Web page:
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Nothing Funny About Children's Preventable Accidents

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Just last night, I came across the family program Funny Videos while channel surfing. I was always troubled by this form of entertainment and decided to see if that were still the case. I remembered how oftentimes that those "funny" home videos show time after time a child getting hurt in one way or another while the audience howls with laughter. Sure enough, there was one video where a toddler, too young to stand securely on his own, was videotaped climbing up a child's slide, reaching the top and attempting to stand. Naturally, the child toppled over only to be caught just in time by a young woman, quite likely the mother, by the ankles, leaving the little one suspended upside down while the camera continued to roll and the audience shrieked with amusement. Another home video showed some very small children playing in a kiddy pool until an overgrown man decided to take a mad dash down a Slip'N Slide and body slam the three little ones, scattering them with stunning force. More jubilant praise came from the audience.

Is it any wonder then that today's New York Times had a disturbing article titled Report Sounds Alarm on Child Accidents. The sidebar stated,

An estimate that preventable injuries kill 830,000 children a year worldwide.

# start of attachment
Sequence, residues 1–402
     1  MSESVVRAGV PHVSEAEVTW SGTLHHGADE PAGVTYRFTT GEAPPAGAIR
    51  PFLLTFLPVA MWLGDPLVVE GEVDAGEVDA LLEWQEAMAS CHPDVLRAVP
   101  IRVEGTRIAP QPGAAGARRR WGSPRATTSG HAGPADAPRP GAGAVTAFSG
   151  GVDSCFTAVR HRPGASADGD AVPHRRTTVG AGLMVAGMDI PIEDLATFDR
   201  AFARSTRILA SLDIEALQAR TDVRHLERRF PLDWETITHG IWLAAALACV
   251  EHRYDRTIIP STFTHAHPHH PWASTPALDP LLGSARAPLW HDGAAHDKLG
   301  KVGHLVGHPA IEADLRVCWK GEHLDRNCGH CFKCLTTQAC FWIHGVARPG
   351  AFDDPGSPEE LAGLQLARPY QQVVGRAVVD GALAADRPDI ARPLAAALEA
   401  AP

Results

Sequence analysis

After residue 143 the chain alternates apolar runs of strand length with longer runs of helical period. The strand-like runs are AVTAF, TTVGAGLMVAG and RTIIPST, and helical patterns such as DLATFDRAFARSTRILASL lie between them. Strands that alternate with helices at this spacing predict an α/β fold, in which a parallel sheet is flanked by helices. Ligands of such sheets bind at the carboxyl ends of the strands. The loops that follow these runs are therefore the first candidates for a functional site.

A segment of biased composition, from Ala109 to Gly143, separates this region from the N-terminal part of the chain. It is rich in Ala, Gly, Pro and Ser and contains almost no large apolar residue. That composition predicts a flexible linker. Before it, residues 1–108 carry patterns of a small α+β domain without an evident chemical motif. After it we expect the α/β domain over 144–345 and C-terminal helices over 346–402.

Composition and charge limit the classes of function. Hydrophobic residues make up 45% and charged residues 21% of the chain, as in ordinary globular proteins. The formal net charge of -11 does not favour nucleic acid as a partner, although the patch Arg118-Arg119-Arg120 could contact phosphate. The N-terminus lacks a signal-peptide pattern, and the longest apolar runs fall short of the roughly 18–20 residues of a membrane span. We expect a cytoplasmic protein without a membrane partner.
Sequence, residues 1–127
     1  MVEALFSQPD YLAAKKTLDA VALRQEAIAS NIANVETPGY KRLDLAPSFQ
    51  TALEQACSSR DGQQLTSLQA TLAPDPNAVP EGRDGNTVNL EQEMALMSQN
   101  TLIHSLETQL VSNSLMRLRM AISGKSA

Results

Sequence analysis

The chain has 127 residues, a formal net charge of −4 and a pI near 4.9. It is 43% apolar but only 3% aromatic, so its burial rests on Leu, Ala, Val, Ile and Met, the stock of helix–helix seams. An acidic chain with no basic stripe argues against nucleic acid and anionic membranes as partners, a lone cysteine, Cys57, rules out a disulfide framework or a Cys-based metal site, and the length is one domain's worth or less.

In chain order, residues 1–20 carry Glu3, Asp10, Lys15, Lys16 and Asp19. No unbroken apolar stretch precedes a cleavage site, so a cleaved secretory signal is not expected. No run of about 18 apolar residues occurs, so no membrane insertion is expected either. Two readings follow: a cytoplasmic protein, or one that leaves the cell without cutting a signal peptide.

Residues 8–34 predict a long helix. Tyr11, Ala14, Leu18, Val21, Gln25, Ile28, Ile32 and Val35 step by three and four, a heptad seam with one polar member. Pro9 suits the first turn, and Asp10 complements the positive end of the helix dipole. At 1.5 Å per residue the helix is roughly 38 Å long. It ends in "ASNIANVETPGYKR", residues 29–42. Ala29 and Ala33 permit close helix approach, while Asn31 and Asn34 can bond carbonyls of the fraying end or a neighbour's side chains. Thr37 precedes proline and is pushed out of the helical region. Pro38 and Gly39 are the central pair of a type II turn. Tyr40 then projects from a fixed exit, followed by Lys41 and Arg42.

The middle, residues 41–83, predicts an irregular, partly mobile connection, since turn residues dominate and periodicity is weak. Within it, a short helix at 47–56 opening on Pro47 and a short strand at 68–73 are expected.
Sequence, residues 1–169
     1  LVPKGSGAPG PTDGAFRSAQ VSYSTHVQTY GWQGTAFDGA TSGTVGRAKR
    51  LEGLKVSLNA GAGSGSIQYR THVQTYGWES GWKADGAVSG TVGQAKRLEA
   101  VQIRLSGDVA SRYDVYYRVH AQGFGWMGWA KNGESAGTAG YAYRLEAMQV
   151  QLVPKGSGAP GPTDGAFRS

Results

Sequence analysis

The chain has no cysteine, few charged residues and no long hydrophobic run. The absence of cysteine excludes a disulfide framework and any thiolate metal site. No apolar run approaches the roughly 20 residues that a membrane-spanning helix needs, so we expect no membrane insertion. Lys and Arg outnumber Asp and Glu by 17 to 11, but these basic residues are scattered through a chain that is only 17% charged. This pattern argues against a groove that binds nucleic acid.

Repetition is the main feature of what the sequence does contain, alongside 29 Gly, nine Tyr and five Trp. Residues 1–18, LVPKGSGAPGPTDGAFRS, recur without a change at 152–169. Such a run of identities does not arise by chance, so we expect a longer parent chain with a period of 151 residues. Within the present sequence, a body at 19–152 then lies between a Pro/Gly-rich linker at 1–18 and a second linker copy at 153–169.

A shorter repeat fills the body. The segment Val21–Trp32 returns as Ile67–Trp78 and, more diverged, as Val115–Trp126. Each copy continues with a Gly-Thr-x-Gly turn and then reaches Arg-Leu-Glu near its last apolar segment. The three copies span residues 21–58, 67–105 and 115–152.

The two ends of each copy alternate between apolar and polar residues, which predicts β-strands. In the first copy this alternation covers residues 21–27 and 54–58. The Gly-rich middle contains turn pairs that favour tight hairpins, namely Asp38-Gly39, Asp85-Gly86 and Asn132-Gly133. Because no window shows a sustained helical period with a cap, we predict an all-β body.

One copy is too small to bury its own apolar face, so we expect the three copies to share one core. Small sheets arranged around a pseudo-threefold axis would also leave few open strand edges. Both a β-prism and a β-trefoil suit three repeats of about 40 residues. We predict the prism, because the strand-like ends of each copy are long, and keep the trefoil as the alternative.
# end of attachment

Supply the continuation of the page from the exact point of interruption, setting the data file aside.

This is an unsettling statistic. One of the major types of the fatal injuries is falls, according to the report by World Health Organization and Unicef. Perhaps those children in the home videos weren't terribly injured, otherwise those videos would quite likely not have made it on television. They are the lucky ones. Yet, I do wonder why some find it entertaining when a child comes in harm's way. Catching a little one on film when he or she makes a funny face or pulls grandpa's dentures out of his mouth can be humorous, but when danger is involved, that becomes something else.

Taking it a step further, there are parents who are often too distracted to keep an eye on their children, let alone videotape them. I've witnessed this on several occasions, one most astonishing is the mother standing in a store's foyer perusing the remaindered books while her three-year old pushed open the door to outside and ran into a very active parking lot. I was across the store witnessing what was happening and raced over, yelling to the mother that her child had just run into the parking lot. She looked at me as if I were overreacting before she went out into the parking lot and retrieved her little one who, fortunately, didn't become a statistic.

I'm not saying we should bubble wrap our kids, but instead of using them as entertainment, more parents should take a responsible role in keeping them from becoming a victim and adding to the unacceptable statistics that the report revealed. It's simply no funny matter.

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